Preeclampsia is an inflammatory condition suggested to involve regulatory CD4+CD25high T helper cell (Treg) disturbances. However, the importance of Tregs in early-onset preeclampsia, associated with increased disease severity and possibly representing a more distinct placental disease, remains unclear. We recently showed that by defining Tregs as CD4dimCD25high cells, the risk of including activated non-Tregs, being more prominent in the circulation during pregnancy, is avoided. The aim of this study was to determine, using updated Treg markers and flow cytometric gating strategies, the frequency and phenotype of circulating Tregs from women with severe early-onset preeclampsia (n=10) as compared with healthy pregnant (n=20) and nonpregnant (n=20) women. The frequency of CD4dimCD25high cells and the expression of FOXP3 was similar in healthy and preeclamptic pregnancy. However, the occurrence of CTLA-4+ and HLA-DR+ cells in the Treg population from preeclamptic women tended to be higher than in healthy pregnant women, indicating alterations in Treg functionality in preeclampsia. Further, the Treg population from healthy pregnant, but not preeclamptic, women tended to be enriched for CCR4+ and CD45R0+ cells as compared with nonpregnant women. In conclusion, although the findings do not support a role for diminished circulating Treg frequency in severe early-onset preeclampsia, the study suggests functional alterations related to Treg suppression, activation and migration mechanisms in this subgroup of preeclamptic women.

  • 12.
    Mjösberg, Jenny
    et al.
    Linköping University, Department of Clinical and Experimental Medicine. Linköping University, Faculty of Health Sciences.
    Jenmalm, Maria
    Linköping University, Department of Clinical and Experimental Medicine, Pediatrics . Linköping University, Faculty of Health Sciences.
    Berg, Göran
    Linköping University, Department of Clinical and Experimental Medicine, Obstetrics and gynecology . Linköping University, Faculty of Health Sciences. Östergötlands Läns Landsting, Centre of Paediatrics and Gynecology and Obstetrics, Department of Gynecology and Obstetrics in Linköping.
    Ernerudh, Jan
    Linköping University, Department of Clinical and Experimental Medicine, Clinical Immunology . Linköping University, Faculty of Health Sciences. Östergötlands Läns Landsting, Centre for Laboratory Medicine, Department of Clinical Immunology and Transfusion Medicine.
    Enrichment of Foxp3(+) T-regs and reduction of T(H)17 cells in human early pregnancy decidua indicate immunosuppressive T cell dominance2009In: in JOURNAL OF REPRODUCTIVE IMMUNOLOGY vol 81, issue 2, 2009, Vol. 81, no 2, p. 147-147Conference paper (Refereed)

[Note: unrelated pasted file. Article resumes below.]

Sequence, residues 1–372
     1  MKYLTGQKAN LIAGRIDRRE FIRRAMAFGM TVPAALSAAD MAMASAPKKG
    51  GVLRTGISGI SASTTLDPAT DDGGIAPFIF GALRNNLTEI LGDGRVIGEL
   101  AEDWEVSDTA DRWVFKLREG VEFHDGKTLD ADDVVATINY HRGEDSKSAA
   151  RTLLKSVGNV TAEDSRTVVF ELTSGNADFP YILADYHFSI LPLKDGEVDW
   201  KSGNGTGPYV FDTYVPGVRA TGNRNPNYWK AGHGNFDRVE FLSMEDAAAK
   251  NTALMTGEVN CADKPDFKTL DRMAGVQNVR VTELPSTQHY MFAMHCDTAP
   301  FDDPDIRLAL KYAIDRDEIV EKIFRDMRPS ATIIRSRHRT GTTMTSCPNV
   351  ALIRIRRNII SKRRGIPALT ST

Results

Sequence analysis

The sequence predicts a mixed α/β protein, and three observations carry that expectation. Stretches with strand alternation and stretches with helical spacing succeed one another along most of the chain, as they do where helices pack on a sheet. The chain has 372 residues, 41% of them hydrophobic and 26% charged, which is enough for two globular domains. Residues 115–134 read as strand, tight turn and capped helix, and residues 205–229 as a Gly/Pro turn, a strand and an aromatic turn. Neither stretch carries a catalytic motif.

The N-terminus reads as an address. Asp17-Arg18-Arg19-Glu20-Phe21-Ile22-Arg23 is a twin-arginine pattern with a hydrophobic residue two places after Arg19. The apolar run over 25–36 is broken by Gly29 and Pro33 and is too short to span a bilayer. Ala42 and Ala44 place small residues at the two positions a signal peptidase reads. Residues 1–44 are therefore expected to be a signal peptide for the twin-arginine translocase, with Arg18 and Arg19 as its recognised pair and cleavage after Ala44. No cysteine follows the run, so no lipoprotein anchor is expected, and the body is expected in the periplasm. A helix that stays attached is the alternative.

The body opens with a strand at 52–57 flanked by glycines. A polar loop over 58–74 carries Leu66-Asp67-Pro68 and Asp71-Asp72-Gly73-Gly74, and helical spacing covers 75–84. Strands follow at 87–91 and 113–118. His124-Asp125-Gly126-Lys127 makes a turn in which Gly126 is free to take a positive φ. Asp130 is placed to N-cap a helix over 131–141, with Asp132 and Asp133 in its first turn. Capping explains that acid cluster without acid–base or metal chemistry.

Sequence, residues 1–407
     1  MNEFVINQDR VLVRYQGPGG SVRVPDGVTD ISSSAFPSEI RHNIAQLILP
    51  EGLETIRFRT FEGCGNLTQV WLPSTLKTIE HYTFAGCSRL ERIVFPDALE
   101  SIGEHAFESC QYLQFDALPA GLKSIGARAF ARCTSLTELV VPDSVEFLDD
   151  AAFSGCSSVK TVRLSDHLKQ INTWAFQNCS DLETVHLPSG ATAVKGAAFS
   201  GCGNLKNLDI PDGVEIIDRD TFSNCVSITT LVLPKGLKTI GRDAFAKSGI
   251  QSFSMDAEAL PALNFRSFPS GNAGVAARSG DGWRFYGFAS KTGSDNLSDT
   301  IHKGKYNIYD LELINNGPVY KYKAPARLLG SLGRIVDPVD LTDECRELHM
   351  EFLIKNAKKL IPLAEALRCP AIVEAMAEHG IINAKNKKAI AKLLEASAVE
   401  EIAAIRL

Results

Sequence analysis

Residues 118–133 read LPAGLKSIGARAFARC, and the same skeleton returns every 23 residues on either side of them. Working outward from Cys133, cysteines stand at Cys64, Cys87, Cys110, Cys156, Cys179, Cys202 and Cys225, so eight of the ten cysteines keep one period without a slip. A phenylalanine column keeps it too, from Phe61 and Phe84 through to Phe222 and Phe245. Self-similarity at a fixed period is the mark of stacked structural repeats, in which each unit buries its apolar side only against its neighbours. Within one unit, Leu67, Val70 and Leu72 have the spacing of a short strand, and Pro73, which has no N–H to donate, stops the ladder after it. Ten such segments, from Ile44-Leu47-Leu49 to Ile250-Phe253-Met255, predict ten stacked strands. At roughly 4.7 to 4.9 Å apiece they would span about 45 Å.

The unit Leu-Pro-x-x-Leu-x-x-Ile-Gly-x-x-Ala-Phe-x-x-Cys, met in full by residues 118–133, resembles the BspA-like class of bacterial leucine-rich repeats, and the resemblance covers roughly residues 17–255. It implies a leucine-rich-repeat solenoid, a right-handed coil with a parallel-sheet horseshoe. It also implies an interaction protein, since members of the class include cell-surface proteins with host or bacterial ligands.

Abstract [en]

    n/a

  • 13.
    Mjösberg, Jenny
    et al.
    Linköping University, Department of Clinical and Experimental Medicine. Linköping University, Faculty of Health Sciences.
    Svensson, J
    Linköping University, Department of Clinical and Experimental Medicine, Clinical Immunology . Linköping University, Faculty of Health Sciences.
    Johansson, E
    Linköping University, Department of Clinical and Experimental Medicine, Clinical Immunology . Linköping University, Faculty of Health Sciences.
    Hellstrom, L
    Linköping University, Department of Clinical and Experimental Medicine, Clinical Immunology . Linköping University, Faculty of Health Sciences.
    Casas, Rosaura
    Linköping University, Department of Clinical and Experimental Medicine, Pediatrics . Linköping University, Faculty of Health Sciences.
    Jenmalm, Maria
    Linköping University, Department of Clinical and Experimental Medicine, Pediatrics . Linköping University, Faculty of Health Sciences.
    Boij, R
    Ryhov Hospital.
    Matthiesen, L
    Helsingborg Hospital.
    Jönsson, Jan-Ingvar
    Linköping University, Department of Clinical and Experimental Medicine, Experimental Hematology . Linköping University, Faculty of Health Sciences.
    Berg, Göran
    Linköping University, Department of Clinical and Experimental Medicine, Obstetrics and gynecology . Linköping University, Faculty of Health Sciences. Östergötlands Läns Landsting, Centre of Paediatrics and Gynecology and Obstetrics, Department of Gynecology and Obstetrics in Linköping.
    Ernerudh, Jan
    Linköping University, Department of Clinical and Experimental Medicine, Clinical Immunology . Linköping University, Faculty of Health Sciences. Östergötlands Läns Landsting, Centre for Laboratory Medicine, Department of Clinical Immunology and Transfusion Medicine.